Of course, a sample size of five students can result in a dud of a chat group. “Sometimes a student can just get into a bad group — people who don’t want to contribute or who are hostile,” Gosling says. On the other hand, scrambling the chat group after every meeting would not allow students to build relationships or any sense of community. The solution was to form three chat group configurations and have students rotate through them so they see familiar faces on a regular basis but all of their eggs are not in one basket.
While most faculty members have to balance teaching and research, Gosling’s class is his research. “There are two really robust findings in educational psychology, and they are completely unsurprising: If students are made to work hard they don’t like it so much, but they learn much more.” One finding from Gosling’s own research is that one predictor of grades in his class is engagement, and they measure that through clicks. “We can see how much students click on the readings and click on the various things we tell them to do, and we take that as a measurement of how engaged they are. Every word they type, every mouse movement they make and thing they click on is recorded, and we can learn from that.”
Where Do We Go From Here?
For many, the term “online education” conjures for-profit online universities that advertise on TV. So if UT is largely online, for the moment, what is the special ingredient that makes a UT education worth it? “It’s really the difficulty and the complexity of it,” Gosling says. “The courses we’re teaching are more difficult.”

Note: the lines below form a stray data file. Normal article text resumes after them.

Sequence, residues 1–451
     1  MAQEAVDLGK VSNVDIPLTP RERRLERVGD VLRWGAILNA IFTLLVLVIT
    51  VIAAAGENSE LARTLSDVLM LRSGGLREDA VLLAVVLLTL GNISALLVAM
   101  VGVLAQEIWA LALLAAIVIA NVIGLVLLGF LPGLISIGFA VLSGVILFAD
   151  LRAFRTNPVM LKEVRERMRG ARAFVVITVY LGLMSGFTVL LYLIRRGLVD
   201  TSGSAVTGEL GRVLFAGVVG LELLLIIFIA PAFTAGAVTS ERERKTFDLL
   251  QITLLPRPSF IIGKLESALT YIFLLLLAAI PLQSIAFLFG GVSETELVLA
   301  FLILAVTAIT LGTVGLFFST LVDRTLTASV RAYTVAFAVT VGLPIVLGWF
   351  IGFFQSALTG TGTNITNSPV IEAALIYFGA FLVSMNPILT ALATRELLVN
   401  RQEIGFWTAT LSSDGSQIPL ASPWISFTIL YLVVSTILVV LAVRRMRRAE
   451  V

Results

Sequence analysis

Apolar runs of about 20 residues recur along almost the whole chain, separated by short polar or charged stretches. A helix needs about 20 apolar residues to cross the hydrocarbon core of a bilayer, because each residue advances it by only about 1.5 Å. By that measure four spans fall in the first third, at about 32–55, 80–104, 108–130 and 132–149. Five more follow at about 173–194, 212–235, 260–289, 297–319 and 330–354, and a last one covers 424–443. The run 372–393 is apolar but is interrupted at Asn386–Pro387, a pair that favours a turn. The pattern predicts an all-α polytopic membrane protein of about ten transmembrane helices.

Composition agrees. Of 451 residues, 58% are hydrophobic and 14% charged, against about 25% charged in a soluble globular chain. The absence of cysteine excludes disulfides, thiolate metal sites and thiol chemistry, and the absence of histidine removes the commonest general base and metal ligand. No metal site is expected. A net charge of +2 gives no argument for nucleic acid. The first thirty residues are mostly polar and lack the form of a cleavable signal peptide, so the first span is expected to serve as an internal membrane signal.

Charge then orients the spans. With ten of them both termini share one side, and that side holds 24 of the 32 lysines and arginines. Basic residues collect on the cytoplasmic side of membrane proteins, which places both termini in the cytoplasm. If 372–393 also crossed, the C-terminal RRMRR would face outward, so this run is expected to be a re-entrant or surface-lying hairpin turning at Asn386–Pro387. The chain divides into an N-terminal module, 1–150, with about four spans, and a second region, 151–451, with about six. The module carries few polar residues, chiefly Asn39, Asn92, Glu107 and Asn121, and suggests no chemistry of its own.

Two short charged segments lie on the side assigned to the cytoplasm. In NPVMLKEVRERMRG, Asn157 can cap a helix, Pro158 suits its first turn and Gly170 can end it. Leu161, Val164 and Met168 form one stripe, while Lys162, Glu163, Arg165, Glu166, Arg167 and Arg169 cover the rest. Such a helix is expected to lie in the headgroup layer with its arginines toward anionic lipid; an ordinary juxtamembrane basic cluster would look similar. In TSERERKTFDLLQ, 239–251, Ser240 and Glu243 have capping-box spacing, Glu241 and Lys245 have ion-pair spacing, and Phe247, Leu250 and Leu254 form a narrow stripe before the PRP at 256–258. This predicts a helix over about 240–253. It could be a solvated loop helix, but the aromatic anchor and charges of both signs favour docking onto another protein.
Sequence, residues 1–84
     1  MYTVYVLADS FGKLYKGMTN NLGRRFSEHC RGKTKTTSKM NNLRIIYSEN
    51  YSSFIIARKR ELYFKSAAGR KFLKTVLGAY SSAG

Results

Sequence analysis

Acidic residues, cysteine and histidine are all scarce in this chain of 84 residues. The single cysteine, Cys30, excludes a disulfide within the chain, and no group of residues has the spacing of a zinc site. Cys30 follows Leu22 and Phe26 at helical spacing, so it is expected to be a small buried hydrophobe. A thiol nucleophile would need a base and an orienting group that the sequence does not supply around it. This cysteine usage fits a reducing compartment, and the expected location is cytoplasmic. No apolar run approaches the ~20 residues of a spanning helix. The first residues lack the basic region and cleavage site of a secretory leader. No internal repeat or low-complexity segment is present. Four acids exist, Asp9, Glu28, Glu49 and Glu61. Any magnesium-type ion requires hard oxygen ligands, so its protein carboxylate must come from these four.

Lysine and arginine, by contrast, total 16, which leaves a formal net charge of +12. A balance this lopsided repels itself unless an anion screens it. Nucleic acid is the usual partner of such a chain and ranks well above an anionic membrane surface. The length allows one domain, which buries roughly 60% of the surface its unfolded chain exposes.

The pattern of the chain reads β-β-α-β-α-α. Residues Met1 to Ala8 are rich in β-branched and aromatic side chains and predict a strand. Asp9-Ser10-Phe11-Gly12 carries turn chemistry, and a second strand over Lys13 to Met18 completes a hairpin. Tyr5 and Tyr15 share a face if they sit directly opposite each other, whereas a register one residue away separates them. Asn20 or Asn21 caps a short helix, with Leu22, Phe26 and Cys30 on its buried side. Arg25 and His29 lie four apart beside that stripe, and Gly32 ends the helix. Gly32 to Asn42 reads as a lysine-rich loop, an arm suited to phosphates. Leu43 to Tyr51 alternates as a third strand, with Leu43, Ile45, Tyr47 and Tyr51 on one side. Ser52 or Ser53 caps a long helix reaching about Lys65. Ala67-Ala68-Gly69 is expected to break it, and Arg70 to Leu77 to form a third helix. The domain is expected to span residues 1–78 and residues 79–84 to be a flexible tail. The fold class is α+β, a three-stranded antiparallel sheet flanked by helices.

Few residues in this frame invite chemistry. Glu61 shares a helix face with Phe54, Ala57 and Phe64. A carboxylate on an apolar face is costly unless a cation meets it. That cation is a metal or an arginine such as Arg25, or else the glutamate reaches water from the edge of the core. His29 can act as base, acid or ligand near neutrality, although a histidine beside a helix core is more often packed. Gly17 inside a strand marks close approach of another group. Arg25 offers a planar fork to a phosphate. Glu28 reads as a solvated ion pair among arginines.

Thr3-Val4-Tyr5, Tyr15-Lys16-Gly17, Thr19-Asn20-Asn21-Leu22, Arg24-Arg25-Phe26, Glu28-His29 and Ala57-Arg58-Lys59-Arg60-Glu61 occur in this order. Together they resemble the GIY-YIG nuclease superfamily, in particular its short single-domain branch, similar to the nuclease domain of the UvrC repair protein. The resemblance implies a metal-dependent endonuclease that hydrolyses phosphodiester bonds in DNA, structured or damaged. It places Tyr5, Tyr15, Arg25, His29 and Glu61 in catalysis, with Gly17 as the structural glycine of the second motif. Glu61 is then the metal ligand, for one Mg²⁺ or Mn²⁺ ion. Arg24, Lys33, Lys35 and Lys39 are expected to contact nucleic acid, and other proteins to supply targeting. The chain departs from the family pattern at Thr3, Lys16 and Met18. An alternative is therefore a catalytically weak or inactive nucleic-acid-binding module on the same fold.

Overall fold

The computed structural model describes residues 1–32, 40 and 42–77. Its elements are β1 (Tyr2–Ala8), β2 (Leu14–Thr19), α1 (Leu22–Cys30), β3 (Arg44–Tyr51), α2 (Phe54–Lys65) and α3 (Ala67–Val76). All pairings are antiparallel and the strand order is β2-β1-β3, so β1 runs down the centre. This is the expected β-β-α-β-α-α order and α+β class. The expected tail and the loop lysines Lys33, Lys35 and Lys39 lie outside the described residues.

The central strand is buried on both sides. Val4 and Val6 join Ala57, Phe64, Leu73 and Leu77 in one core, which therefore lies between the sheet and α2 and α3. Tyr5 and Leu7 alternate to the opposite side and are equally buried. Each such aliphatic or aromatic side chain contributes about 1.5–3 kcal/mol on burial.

Related to that complexity is UT’s distinction as a top research university. “Most of the intro class is a broad overview, but then we can have a deep dive with somebody in the department who students might then go and take a course with or work in their lab in the years to come. That’s really what distinguishes the UT experience. Let’s face it — people are hired because they’re good researchers, so take advantage of that!” he tells students. “Take advantage of the fact that you have the world’s top researchers here. Go get involved with research. Go join a lab. Go get that type of mentorship experience. You have to seek it out. It’s not going to come to you.”
Even absent COVID-19, he sees an important role for online education, one that dovetails with the concurrent unrest over social inequality. “It’s an incredible privilege to be able to take four years out of your life to go to college. Think about the people who have to work jobs, who have to look after families, or who have to be distant. I could see a completely new model where you have residential halls scattered all over Texas, all over the world — you know, UT Namibia. They’re getting their lectures online all over the world, but then they’re discussing them with each other with the help of an in-person tutor.”
So will we ever return to in-person-only instruction? Gosling says, yes, at least for some classes. “But I do hope this challenging time and the changes to education it has necessitated has dissolved some of the distrust toward online classes and has demonstrated how they offer some important benefits to both students and faculty.”
Tips for Students
Gosling has a few important tips for students entering a world dominated, at least for the moment, by online classes.
Eliminate Distractions. Put your phone away. “We absolutely know from studies that even if your phone is switched off and on the table next to you, it just being in your peripheral vision is enough to distract you. If you are at home take your phone and leave it in another room. You do not need to be texting people.”
Likewise, if you’re on a desktop close Twitter, Facebook or whatever else you might have open.